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Blog: Up on the Hill


Location: Washington, DC

This morning, for the first time, I had the opportunity to testify on Capitol Hill before the House Education and Workforce Committee about the important work we do at the Labor Department.

As I explained to the committee, just about everything we do at the department supports President Obama's agenda of creating opportunity for all. We help people get the skills they need to succeed in the jobs of today and tomorrow. We help ensure that our workplaces are safe and free from discrimination. We make sure hard work is rewarded with a fair wage. And we give people the chance to retire with dignity.

Our 2,500-plus American Job Centers, for example, help out-of-work Americans access all the services they need -- resume assistance, job leads, career counseling, training opportunities and more. At the height of the recession, the AJCs were the nation's emergency room for job-seekers, administering the critical care necessary to get people back on their feet.

Business leaders like Andra Rush of Detroit Manufacturing Systems use the AJCs to find the skilled workers they need. I like to think of ours as a "" role, finding exactly the right fit between job seekers and employers. Since the recession began, we have served, on average, more than 14 million people each year, including more than a million veterans, through our job training and employment services.

But we want to do even better. That's why we're working closely with Vice President Biden on a review of the federal government's training programs. We're going to identify what works and take it to scale, while figuring out what doesn't work and fixing it.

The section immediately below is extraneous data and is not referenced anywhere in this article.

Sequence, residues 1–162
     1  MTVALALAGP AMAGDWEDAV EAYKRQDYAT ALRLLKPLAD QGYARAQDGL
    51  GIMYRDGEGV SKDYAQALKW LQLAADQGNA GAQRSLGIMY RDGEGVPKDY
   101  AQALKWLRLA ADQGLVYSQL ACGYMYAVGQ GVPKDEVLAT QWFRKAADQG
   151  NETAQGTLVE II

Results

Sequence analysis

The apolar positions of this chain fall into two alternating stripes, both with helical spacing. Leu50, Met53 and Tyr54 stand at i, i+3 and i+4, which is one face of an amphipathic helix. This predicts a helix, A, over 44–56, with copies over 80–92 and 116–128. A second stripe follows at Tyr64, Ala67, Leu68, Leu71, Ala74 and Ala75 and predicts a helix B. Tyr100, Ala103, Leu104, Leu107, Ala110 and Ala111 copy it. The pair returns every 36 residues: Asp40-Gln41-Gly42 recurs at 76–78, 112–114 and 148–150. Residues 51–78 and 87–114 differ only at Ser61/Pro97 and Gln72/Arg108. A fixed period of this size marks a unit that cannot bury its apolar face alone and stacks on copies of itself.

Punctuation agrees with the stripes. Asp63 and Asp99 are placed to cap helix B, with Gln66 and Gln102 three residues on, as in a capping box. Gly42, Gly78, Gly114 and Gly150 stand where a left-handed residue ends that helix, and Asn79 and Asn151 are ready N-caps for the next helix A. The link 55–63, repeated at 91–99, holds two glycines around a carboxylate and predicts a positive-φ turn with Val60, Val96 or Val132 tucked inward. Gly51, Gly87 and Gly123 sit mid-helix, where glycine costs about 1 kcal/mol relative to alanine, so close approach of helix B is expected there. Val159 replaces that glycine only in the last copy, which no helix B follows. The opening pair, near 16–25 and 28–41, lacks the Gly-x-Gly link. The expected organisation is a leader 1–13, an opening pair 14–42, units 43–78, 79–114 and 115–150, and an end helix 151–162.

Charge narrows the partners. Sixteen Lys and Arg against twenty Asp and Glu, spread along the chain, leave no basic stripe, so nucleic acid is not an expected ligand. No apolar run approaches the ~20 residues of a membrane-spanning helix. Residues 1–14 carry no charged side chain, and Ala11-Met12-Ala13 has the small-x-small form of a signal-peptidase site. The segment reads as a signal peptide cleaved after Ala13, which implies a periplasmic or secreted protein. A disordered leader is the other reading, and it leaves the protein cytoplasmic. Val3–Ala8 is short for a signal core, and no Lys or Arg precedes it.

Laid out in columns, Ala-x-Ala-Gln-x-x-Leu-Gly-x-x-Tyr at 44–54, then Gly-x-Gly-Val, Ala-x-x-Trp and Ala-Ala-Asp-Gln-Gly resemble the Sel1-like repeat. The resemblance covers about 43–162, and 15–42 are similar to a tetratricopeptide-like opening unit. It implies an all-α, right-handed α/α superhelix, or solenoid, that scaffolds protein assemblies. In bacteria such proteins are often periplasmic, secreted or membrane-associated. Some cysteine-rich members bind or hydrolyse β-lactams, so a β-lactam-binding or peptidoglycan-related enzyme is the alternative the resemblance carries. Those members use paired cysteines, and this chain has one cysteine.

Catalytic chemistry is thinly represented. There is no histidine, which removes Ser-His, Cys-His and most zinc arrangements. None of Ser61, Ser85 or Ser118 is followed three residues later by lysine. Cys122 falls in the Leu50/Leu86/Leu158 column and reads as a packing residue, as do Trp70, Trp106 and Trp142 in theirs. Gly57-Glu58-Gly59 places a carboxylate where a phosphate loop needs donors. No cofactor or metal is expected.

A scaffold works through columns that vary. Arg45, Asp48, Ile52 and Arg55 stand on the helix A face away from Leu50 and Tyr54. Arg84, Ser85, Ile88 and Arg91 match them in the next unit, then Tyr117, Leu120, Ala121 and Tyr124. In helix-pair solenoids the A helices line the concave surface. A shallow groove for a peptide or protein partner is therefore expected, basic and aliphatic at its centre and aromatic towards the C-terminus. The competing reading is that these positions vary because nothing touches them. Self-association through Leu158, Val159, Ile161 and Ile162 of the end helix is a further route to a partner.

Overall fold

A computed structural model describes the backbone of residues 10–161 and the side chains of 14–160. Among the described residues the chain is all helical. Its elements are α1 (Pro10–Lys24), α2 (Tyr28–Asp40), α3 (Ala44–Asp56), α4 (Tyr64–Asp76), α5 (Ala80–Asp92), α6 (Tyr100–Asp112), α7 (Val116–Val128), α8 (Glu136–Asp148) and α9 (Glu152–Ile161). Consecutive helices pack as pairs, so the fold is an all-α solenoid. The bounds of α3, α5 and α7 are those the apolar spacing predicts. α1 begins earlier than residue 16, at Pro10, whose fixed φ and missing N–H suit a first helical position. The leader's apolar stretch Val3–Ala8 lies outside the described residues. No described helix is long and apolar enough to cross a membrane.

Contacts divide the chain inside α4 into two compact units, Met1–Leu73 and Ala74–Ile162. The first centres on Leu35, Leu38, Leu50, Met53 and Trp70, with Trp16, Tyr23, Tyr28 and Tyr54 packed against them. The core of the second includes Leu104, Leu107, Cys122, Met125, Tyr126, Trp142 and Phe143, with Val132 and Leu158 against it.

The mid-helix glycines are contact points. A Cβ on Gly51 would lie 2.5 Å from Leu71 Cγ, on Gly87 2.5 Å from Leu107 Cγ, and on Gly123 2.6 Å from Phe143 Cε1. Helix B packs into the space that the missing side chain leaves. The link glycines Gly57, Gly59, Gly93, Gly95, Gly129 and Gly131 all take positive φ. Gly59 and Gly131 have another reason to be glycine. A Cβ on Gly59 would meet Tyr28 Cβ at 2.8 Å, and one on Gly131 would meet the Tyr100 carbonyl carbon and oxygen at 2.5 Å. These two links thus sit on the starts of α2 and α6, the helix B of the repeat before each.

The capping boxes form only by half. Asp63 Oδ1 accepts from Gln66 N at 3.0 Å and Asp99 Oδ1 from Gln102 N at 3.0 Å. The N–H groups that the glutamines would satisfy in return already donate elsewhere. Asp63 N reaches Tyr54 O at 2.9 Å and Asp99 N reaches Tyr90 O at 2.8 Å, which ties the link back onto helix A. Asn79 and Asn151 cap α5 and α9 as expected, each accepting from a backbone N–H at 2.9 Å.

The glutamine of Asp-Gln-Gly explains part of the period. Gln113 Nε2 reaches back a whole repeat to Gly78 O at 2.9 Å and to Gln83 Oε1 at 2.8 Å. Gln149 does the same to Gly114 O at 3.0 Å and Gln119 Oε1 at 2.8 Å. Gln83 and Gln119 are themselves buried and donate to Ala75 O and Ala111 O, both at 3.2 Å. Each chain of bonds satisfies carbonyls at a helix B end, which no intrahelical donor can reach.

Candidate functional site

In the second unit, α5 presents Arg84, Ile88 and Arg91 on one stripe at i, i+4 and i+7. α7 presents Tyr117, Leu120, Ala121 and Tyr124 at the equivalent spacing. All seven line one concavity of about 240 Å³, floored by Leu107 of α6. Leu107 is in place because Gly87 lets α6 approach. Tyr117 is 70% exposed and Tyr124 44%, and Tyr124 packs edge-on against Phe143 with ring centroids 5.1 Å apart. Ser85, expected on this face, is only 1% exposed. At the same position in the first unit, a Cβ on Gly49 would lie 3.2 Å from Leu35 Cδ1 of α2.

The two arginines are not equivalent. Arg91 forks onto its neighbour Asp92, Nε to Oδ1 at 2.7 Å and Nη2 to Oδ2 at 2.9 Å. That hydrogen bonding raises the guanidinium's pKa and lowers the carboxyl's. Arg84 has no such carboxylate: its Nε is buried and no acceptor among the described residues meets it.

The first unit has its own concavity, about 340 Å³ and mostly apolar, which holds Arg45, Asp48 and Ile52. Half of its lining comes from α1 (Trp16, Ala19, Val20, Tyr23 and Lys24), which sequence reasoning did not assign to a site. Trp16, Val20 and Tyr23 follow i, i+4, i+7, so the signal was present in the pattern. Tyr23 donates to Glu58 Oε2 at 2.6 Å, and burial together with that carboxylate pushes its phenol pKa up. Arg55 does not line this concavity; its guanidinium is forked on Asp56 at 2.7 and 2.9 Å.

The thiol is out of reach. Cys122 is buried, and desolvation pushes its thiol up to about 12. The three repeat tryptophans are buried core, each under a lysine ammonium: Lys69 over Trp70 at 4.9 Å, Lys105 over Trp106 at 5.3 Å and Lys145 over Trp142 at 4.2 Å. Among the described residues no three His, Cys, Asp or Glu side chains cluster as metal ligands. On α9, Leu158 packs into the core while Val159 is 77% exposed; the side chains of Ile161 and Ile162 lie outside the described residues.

But as I testified this morning, there's a whole lot more to our work at the department.

If opportunity means nothing else, it must mean the right to return home safe and sound after a hard day's work. No person should have to sacrifice their life for their livelihood. So, as I explained to the committee, the number of workers killed on the job has been cut from 14,000 in 1970 (the year OSHA was created) to an all-time low of 4,400 last year, in a workforce that's twice the size. Employer after employer tells me it's a false choice to suggest we can have job growth or job safety -- they believe we can and must have both.

Rewarding hard work with a fair wage is also central to our mission and to the president's opportunity agenda. Too many Americans, despite working full time, are still living in poverty. That's why the president has pushed so strongly for an increase in the federal minimum wage to $10.10 an hour. The workers I speak to need this raise; and the businesses I've heard from recognize that it's the right thing to do and the smart thing to do.

The basic bargain of America is that everyone has the chance to succeed. No matter where you started out the race, you can finish it ahead of the pack. No matter the circumstances of your birth or the ZIP code you live in, you can live out your highest and best dreams.

Fulfilling that bargain is what the Labor Department is committed to every day. I hope that we can work with Congress this year and beyond to expand opportunity for all.

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